Anderson .Paak has been on quite the run; going back to last year where he burst onto the scene as a frequent collaborator on Dr. Dre’s Compton. Then following that up with his highly touted debut Malibu. While I felt his debut had it’s highs and lows, .Paak’s immense talent and versatility were evident. Kind of lost in the midst of this run, was a dope, soulful collaboration between rapper/producer Knxwledge called Link Up and Suede (EP). He promised a full-length follow up and finally Yes Lawd! has arrived to bless our playlists.
“Word to my OG, the game that he taught me will always suffice It’s the reason that I’m still alive Big grandaddy, grandpa, my father and now it’s my season to shine”
Anderson’s debut, Malibu, was a very solid project that I think suffered at times because he was employing so many different styles, genres, and sounds; resulting in a mixed bag of records. Yes Lawd! does not have that problem. The majority of the production duties fall to Knxwledge and the result is a cohesive neo-soul, almost J Dilla-esque, sound that runs throughout the whole album. The way he meshes old soul and funk samples with sharp percussions and smooth chords is masterful. Most of the tracks are short, running around 2 minutes in length, but that works in their favor, as they feel like you’re sitting in a jam session between two musicians that genuinely enjoy playing together. The production is phenomenal and this type of groove is something that’s been missing from music today.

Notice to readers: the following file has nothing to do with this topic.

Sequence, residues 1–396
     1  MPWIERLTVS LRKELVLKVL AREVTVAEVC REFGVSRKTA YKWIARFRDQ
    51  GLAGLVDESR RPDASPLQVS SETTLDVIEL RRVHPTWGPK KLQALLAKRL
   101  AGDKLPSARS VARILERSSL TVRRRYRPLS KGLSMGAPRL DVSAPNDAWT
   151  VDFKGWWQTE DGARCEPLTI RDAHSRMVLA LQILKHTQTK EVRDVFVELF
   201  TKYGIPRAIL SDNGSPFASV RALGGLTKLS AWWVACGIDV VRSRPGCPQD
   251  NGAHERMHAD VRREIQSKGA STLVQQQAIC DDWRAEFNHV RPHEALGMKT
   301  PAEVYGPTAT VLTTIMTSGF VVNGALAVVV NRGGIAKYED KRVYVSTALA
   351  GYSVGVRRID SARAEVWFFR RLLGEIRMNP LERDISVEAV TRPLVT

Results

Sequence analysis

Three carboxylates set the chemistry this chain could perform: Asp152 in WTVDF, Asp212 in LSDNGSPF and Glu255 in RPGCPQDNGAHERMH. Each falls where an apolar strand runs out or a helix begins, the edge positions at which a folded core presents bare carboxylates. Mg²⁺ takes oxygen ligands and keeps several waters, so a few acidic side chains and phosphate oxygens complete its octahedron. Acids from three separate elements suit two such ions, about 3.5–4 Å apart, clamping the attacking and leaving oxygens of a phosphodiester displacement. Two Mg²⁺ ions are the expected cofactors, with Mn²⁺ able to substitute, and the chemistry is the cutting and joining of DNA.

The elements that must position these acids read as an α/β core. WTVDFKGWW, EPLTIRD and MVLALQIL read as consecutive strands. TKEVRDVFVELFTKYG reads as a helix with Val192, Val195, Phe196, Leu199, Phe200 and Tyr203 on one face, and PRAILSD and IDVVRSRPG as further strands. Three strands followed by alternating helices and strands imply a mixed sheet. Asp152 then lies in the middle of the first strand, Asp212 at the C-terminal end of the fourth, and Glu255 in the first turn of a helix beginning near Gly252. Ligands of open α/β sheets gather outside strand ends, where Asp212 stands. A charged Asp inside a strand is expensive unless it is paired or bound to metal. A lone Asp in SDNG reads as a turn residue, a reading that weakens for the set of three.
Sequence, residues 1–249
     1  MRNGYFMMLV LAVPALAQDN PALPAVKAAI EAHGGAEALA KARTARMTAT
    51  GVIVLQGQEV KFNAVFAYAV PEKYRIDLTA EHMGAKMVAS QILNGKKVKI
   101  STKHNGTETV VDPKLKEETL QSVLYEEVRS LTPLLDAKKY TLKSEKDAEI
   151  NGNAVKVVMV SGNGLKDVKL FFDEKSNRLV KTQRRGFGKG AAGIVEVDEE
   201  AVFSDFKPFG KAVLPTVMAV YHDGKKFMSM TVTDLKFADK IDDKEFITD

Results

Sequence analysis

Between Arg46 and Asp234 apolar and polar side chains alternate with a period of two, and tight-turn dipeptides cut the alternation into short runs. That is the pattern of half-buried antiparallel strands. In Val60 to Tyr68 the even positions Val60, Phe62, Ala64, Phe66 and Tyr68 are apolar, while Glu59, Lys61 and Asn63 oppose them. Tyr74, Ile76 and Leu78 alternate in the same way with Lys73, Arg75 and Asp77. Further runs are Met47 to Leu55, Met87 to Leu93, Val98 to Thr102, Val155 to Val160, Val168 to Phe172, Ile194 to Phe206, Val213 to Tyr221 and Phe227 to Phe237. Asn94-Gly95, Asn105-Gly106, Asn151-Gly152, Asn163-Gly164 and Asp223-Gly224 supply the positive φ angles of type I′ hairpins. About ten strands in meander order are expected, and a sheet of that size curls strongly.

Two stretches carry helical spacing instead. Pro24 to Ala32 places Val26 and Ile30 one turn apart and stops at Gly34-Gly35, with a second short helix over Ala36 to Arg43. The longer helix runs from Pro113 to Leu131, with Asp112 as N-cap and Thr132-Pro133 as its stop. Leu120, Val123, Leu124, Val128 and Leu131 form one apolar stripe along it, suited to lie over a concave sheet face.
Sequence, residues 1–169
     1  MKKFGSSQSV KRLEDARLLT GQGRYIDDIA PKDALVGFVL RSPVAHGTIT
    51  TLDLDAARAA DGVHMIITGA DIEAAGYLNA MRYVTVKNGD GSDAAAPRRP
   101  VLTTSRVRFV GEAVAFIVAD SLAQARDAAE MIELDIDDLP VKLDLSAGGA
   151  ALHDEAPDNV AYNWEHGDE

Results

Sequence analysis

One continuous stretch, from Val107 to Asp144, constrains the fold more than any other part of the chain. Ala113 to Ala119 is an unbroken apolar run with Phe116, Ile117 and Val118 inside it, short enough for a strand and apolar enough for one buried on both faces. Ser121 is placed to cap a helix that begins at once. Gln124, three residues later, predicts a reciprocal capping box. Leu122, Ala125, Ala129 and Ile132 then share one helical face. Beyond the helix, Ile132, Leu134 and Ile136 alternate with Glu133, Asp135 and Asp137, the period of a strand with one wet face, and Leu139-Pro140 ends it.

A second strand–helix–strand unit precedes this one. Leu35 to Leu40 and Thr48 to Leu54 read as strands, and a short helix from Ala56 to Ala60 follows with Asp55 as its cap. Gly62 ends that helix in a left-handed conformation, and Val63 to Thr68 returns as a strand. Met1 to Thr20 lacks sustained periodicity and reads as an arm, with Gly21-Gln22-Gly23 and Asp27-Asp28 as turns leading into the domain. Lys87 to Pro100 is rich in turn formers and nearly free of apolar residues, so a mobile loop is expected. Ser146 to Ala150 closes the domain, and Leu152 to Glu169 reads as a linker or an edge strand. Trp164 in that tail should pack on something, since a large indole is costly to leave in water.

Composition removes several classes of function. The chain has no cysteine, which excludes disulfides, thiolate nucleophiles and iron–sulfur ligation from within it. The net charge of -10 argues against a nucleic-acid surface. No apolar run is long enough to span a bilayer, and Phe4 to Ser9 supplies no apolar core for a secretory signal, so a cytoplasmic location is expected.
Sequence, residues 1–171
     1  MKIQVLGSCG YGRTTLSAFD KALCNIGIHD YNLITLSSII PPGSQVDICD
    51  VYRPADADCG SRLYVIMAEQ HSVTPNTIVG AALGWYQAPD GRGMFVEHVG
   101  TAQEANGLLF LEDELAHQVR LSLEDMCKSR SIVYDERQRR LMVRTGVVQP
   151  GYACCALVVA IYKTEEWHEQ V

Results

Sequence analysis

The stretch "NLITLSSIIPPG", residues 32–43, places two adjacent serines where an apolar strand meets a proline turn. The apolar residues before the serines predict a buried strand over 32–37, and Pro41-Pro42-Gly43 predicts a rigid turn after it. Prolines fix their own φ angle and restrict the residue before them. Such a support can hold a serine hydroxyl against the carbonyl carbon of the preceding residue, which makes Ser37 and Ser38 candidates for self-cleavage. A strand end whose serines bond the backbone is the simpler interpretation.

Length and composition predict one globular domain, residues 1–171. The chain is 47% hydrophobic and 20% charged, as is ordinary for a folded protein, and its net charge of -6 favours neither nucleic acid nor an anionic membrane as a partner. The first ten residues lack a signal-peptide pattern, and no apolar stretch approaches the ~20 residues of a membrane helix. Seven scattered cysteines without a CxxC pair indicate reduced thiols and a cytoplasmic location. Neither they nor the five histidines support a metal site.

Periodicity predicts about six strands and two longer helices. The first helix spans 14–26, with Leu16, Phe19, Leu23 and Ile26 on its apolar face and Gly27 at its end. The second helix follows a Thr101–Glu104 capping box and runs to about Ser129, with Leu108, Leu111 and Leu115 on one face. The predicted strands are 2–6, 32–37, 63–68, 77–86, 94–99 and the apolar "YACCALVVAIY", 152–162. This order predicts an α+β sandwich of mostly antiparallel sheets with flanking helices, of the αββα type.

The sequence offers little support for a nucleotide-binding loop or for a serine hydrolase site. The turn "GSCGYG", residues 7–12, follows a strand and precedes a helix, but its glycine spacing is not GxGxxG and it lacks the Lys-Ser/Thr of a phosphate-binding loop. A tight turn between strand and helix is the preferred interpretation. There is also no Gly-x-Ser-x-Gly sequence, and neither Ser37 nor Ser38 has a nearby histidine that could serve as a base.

“Now who the fuck called me a player? I ain’t one these young niggas out here sweating for a pay stub I’m a coach, I’mma teach these bitches how to layup Now most of ya’ll can’t do shit But all my chicks cook grits”
Yes Lawd! is a joint album, but aside from the production you won’t find any evidence of Knxwledge on the project. Anderson handles all the vocals and lyrics, and that’s not a bad thing because his raspy, smooth voice plays perfectly with the soulful production. While there are lyrics and themes, they’re more there to facilitate the spectacular sonic landscapes being laid down. The real star of the show is the groove, and it’s a deep one.
Have you heard Yes Lawd!? What’d you think about it? Do you think having Knxwledge only on the production was the right call? Did you enjoy the grooves? Let me know in the comments below and be sure to leave a rating for the album.
Yes Lawd! is pure instrumental bliss! The way Knxwledge layers old funk/soul samples over sharp percussions and smooth chords would make J Dilla proud. While Anderson .Paak's smooth, raspy vocals leave you with no choice but to get lost in the groove. Phenomenal.